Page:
By Dr Amitav Banerjee, MD*  When Mahatma Gandhi on invitation from Buckingham Palace was invited to have tea with King George V, he was asked, “Mr Gandhi, do you think you are properly dressed to meet the King?” Gandhi retorted, “Do not worry about my clothes. The King has enough clothes on for both of us.”

Displaced from Bangladesh, Buddhist, Hindu groups without citizenship in Arunachal

By Sharma Lohit  Buddhist Chakma and Hindu Hajongs were settled in the 1960s in parts of Changlang and Papum Pare district of Arunachal Pradesh after they had fled Chittagong Hill Tracts of present Bangladesh following an ethnic clash and a dam disaster. Their original population was around 5,000, but at present, it is said to be close to one lakh.

What's Bill Gates up to? Have 'irregularities' found in funding HPV vaccine trials faded?

By Colin Gonsalves*  After having read the 72nd report of the Department Related Parliamentary Standing Committee on alleged irregularities in the conduct of studies using HPV vaccines by PATH in India, it was startling to see Bill Gates bobbing his head up and down and smiling ingratiatingly on prime time television while the Prime Minister lectured him in Hindi on his plans for the country. 

Anti-Rupala Rajputs 'have no support' of numerically strong Kshatriya communities

By Rajiv Shah  Personally, I have no love lost for Purshottam Rupala, though I have known him ever since I was posted as the Times of India representative in Gandhinagar in 1997, from where I was supposed to do political reporting. In news after he made the statement that 'maharajas' succumbed to foreign rulers, including the British, and even married off their daughters them, there have been large Rajput rallies against him for “insulting” the community.

Magnetic, stunning, Protima Bedi 'exposed' malice of sexual repression in society

By Harsh Thakor*  Protima Bedi was born to a baniya businessman and a Bengali mother as Protima Gupta in Delhi in 1949. Her father was a small-time trader, who was thrown out of his family for marrying a dark Bengali women. The theme of her early life was to rebel against traditional bondage. It was extraordinary how Protima underwent a metamorphosis from a conventional convent-educated girl into a freak. On October 12th was her 75th birthday; earlier this year, on August 18th it was her 25th death anniversary.

A Hindu alternative to Valentine's Day? 'Shiv-Parvati was first love marriage in Universe'

By Rajiv Shah*   The other day, I was searching on Google a quote on Maha Shivratri which I wanted to send to someone, a confirmed Shiv Bhakt, quite close to me -- with an underlying message to act positively instead of being negative. On top of the search, I chanced upon an article in, imagine!, a Nashik Corporation site which offered me something very unusual.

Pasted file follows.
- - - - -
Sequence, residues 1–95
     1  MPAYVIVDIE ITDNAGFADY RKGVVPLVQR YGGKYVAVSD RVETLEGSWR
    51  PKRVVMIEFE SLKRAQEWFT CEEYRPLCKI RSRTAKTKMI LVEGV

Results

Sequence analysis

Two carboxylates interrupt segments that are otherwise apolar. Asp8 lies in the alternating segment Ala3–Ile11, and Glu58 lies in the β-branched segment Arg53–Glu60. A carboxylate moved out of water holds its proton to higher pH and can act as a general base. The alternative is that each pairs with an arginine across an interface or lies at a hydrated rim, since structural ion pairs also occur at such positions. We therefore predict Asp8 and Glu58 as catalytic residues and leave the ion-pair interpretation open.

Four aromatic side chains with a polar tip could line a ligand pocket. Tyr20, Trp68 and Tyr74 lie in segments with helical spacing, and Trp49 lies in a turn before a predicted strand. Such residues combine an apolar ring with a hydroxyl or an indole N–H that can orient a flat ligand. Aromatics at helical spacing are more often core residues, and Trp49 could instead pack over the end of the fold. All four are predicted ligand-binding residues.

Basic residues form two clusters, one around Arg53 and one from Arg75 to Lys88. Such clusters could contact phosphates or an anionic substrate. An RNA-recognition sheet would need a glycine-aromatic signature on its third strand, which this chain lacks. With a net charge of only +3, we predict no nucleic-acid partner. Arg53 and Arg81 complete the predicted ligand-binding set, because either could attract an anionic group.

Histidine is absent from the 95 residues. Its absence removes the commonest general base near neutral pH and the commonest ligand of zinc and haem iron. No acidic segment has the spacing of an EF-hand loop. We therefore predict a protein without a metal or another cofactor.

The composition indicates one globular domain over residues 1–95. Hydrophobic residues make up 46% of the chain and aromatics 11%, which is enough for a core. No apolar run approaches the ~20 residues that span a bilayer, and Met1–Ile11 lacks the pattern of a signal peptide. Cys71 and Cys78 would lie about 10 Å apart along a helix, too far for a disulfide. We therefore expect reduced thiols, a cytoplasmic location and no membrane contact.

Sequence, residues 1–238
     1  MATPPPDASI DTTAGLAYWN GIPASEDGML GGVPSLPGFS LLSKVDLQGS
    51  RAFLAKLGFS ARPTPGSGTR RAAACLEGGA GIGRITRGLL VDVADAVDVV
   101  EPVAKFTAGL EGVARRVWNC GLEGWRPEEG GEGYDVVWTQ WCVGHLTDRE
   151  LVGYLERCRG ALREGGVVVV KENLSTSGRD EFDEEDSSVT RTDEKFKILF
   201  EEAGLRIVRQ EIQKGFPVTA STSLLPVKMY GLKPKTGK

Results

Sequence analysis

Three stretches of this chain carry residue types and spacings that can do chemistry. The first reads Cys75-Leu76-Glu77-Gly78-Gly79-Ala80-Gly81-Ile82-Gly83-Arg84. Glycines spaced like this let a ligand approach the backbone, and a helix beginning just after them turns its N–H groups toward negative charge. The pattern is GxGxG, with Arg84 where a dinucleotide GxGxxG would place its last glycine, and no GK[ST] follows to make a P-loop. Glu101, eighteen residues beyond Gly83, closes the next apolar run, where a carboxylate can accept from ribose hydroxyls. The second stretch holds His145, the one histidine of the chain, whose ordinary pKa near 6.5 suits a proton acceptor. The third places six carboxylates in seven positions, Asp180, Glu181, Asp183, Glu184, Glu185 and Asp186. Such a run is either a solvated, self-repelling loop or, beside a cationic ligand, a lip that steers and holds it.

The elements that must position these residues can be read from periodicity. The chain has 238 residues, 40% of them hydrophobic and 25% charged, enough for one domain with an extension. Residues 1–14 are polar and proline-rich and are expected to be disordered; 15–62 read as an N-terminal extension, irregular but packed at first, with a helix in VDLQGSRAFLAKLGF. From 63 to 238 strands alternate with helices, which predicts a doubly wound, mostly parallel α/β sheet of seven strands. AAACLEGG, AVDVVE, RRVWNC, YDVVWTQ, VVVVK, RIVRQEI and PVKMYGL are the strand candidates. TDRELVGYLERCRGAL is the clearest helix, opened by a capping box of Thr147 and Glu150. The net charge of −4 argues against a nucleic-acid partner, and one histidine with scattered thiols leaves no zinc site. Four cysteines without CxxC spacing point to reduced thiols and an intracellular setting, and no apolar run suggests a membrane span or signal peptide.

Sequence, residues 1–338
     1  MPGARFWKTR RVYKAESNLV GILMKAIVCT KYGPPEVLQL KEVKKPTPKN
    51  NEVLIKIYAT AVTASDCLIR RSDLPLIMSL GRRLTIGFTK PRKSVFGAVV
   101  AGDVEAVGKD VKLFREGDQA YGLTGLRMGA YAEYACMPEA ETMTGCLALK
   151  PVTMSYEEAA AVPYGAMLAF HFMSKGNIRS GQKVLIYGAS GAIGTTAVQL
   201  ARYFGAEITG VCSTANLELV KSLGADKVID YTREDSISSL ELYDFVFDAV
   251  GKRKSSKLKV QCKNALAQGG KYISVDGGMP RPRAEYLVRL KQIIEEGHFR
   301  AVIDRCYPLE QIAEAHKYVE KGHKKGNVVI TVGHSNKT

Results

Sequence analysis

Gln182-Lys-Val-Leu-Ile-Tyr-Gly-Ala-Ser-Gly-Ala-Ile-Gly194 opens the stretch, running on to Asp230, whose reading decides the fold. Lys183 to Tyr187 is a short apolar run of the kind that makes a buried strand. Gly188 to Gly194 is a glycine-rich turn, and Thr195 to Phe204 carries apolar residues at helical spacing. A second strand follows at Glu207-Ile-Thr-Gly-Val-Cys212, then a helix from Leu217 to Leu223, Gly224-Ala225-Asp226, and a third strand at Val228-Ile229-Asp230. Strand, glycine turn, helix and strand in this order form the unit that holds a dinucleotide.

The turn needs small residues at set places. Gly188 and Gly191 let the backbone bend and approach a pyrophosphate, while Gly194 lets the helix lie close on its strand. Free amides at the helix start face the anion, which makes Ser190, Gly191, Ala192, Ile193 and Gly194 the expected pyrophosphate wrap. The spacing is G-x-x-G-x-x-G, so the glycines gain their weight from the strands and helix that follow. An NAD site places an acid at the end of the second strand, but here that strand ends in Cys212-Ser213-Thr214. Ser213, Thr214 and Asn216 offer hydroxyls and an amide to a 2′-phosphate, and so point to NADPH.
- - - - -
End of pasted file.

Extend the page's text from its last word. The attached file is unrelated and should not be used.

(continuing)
Stagnating wages since 2014-15: Economists explain Modi legacy for informal workers

By Our Representative  Real wages have barely risen in India since 2014-15, despite rapid GDP growth. The country’s social security system has also stagnated in this period. The lives of informal workers remain extremely precarious, especially in states like Jharkhand where casual employment is the main source of livelihood for millions. These are some of the findings presented by economists Jean Drèze and Reetika Khera at a press conference convened by the Loktantra Bachao 2024 campaign. 

Youth as game changers in Lok Sabha polls? Young voter registration 'is so very low'

By Dr Mansee Bal Bhargava*  Young voters will be the game changers in 2024. Do they realise this? Does it matter to them? If it does, what they should/must vote for? India’s population of nearly 1.3 billion has about one-fifth 19.1% as youth. With 66% of its population (808 million) below the age of 35, India has the world's largest youth population. Among them, less than 40% of those who turned 18 or 19 have registered themselves for 2024 election. According to the Election Commission of India (ECI), just above 1.8 crore new voters (18-and 19-year-olds) are on the electoral rolls/registration out of the total projected 4.9 crore new voters in this age group.

Mark Lee: A spiritual leader who thought conventional religions are barrier to liberation

  By Harsh Thakor*  The Krishnamurti Foundation of America (KFA) lost Roger Edwin Mark Lee, who was a devoted disciple of Jiddu Krishnamurti, one of the greatest and most self realised spiritual philosophers of our time. Mark passed away due to pneumonia complications on April 6, 2024, at he Ventura Community Memorial Hospital in California. His exit was an irreparable loss to the spiritual world.

Fossil fuel projects: NGOs ask investors to cut TotalEnergies’ main sources of finance

By Antoine Bouhey, Lara Cuvelier, Helen Burley*  Reclaim Finance has joined 58 NGOs from around the world, including Banktrack, in signing an open letter calling on banks and investors to stop participating in bonds (loans granted by investors and facilitated by banks) issued by TotalEnergies. The 58 NGO signatories include 350.org , Amazon Watch, BankTrack, Centre for Environmental Law and Community Rights (CELCOR, Papua New Guinea), Justiça Ambiental (Mozambique) and Friday for Future (Uganda), Oil Change International and Urgewald (Germany).